# Maybe we have finished with the socket
                        print " closing on fileno ".$fh->fileno."!\n";

Question by:kertis
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Author Comment

ID: 1204936
Edited text of question

Author Comment

ID: 1204937
Adjusted points to 170

Expert Comment

ID: 1204938
Have the 'old ones' been accepted by the server ?  If so, what do mean by 'you can't read on these' ?  Normally, the (next) read on these connections will return a 0-length message, indicating that the remote side of the connection has been closed down (by the browser, in this case).
If you mean that some of your browser connections never got accepted by the server, you need to increase the listen queue size (set to '1' in your server, this will almost certainly reject some connections requested by the browser when you hold down the enter key).  Especially when implementing servers handling multiple connections without forking, the queue size should be set higher (try '5' or so).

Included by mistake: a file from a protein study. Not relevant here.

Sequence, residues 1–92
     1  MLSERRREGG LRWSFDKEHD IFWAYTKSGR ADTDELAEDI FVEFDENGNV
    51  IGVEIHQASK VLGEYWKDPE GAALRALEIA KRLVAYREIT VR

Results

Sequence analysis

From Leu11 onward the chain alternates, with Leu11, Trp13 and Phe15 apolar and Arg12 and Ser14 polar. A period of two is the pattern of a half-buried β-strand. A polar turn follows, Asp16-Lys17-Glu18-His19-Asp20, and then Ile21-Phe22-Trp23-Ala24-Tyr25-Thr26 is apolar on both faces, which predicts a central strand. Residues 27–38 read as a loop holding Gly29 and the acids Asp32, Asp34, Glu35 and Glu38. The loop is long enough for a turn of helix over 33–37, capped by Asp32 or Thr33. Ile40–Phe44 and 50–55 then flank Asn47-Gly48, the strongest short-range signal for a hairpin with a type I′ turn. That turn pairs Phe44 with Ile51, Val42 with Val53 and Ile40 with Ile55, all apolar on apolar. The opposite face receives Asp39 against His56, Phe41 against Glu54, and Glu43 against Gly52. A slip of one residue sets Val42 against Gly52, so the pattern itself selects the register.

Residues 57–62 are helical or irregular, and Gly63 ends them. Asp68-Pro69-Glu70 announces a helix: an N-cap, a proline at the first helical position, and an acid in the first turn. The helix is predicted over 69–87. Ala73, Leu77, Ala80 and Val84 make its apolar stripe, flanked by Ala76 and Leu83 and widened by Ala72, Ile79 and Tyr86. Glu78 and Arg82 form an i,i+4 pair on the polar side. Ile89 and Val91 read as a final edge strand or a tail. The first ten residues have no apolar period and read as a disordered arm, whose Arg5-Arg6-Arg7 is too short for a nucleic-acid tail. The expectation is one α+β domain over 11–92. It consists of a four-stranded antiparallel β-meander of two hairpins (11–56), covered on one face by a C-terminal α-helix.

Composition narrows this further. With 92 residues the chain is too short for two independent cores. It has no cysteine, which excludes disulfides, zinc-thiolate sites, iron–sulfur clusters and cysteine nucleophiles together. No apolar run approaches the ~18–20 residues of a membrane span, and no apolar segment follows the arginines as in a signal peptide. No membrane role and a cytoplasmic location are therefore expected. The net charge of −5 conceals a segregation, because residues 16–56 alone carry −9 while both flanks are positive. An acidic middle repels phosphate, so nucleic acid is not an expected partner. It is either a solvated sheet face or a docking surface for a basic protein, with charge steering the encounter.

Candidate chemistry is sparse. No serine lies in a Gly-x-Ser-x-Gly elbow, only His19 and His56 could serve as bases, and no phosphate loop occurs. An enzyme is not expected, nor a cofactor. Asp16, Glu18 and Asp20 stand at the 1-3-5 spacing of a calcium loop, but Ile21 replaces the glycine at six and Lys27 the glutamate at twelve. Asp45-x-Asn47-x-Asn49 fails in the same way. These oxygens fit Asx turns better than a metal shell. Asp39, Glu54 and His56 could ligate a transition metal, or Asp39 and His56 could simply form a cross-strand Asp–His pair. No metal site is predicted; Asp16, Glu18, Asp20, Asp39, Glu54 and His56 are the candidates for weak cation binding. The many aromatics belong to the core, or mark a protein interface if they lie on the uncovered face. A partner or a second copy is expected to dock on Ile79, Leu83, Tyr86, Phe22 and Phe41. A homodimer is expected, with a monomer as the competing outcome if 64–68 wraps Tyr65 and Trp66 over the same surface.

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Author Comment

ID: 1204939
All connections have been accepted by the server. But the problem is, that after opening connections ($fh == $lsn) not every connection still is a connection included in $sel->can_read, because having been closed by the browser. So these opened connections will never get into the "else" part (not new and readable).
I need a way to sort out and get rid of these dead connections by the server. 200 Points now for the best answer!

Expert Comment

ID: 1204940
What do you have against forking?

Accepted Solution